Lectures: Epidemiology and Prevalence
There are about 300,000 patients suffering from Multiple Sclerosis in the North America today. The age of onset peaks between 20 and 30 years. Almost 70% of patients manifest symptoms between ages 21 and 40. Disease rarely occurs prior to 10 or after 60 years of age. However, patients as young as 3 and as old as 67 years of age have been described. Like other immuno- mediated diseases, females are affected more frequently than males (1.4 to 3.1 times as many women than men affected.)
There is a very specific geographic distribution of this disease around the world. A significantly higher incidence of the disease is found in the northernmost latitudes of the northern and the southern hemispheres compared to southernmost latitudes. This observation is based on the incidence of the disease in Scandinavia, northern United States and Canada, as well as Australia and New Zealand. The data from migration studies shows that if the exposure to a higher risk environment occurs during adolescence (before 15 years of age,) the migrant assumes the higher risk of the environment. This concept is nicely illustrated in studies of native-born South African white population with low incidence of the disease versus high incidence of MS among white immigrants from Great Britain, where the disease is much more prevalent (Saud A. Sadiq,James R. Miller et al.) "Epidemics" of MS have been reported and these provide further evidence of importance of environmental factors in MS. The most notable "epidemic" was described on the Faroe Islands after they were occupied by British troops in W.W.II. Similar increases in incidence of the disease were seen on Shetland and Orkney Islands, in Iceland, and in Sardinia. A specific "point agent" for these "epidemics" never was identified.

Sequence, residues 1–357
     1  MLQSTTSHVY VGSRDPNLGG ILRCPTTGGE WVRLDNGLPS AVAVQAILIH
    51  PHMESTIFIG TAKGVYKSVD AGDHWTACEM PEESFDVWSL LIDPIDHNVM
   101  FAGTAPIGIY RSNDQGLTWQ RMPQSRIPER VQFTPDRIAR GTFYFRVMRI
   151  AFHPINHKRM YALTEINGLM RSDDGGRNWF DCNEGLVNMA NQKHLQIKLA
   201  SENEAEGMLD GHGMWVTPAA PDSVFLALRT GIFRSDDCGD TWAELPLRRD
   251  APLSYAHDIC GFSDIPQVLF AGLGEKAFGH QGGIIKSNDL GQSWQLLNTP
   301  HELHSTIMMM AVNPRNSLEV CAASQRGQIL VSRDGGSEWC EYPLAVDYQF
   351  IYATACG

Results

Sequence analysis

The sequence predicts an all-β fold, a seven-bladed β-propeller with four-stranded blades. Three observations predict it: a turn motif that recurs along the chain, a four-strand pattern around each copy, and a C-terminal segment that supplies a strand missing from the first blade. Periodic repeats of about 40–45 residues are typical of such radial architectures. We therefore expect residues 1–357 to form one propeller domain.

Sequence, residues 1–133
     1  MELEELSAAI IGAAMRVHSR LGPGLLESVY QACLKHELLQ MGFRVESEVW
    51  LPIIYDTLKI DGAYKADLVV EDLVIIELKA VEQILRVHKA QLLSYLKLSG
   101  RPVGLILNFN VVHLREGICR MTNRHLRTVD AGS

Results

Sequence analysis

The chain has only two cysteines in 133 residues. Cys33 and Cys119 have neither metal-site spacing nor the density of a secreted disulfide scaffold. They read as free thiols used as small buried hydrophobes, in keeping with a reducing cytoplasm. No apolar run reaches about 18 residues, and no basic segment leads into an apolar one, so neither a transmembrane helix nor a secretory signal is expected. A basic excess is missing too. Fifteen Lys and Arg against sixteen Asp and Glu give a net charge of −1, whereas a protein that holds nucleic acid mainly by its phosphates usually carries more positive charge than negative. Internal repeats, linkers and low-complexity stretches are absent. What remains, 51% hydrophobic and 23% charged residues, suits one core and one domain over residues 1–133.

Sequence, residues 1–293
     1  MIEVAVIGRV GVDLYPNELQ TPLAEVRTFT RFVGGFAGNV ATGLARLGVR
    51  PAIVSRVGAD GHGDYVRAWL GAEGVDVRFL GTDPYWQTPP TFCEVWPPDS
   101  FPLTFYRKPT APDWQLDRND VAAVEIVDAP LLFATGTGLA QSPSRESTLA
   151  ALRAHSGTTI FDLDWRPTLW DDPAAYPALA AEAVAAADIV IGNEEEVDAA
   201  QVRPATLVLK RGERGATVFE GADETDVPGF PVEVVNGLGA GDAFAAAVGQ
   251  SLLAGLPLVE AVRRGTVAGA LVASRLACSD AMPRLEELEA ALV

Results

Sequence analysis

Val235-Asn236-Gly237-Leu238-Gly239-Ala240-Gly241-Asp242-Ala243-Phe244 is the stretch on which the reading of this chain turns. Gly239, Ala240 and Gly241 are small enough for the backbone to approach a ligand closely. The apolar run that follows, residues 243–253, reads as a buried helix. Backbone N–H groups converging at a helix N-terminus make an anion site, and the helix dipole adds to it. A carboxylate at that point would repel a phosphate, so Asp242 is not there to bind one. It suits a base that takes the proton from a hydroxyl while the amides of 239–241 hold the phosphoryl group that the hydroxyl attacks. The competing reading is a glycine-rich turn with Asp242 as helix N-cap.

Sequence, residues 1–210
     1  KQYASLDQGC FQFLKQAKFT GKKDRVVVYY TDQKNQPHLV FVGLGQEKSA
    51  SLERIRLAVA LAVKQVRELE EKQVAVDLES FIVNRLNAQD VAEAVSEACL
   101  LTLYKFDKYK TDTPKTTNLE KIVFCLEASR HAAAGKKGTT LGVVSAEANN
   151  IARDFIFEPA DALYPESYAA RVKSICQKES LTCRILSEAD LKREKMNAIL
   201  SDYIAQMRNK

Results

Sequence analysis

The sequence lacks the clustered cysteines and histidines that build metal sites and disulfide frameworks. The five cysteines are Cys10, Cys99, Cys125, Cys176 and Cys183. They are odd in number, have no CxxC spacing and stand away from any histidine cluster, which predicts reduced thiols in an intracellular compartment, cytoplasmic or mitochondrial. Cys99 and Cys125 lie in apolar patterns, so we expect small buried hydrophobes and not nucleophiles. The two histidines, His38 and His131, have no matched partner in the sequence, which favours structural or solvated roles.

There are also population studies that show difference in susceptibility to MS between different populations. Lapps in Scandinavia appear to be resistant to the disease, contrary to the expectations based on their geographic distribution. Native Americans and Hutterites very infrequently suffer from MS, as opposed to other residents of the North America. MS is uncommon in Japan, China and South America. It is practically unknown among the indigenous people of equatorial Africa and among native Inuit in Alaska. When the racial differences are correlated, White populations are at greater risk than Asian or African populations. We can not yet explain these obvious inconsistencies in disease distribution, but the knowledge of them may be helpful in assessing specific patients.
The incidence of MS in first degree relatives is 20 times higher than in general population, suggesting the influence of genetic factors on the disease. Monozygotic twin studies show the concordance rate of 30%. Dizygotic twins show concordance rate of less than 5%. These results suggest that both the genetic factors and environmental exposure are important in disease expression.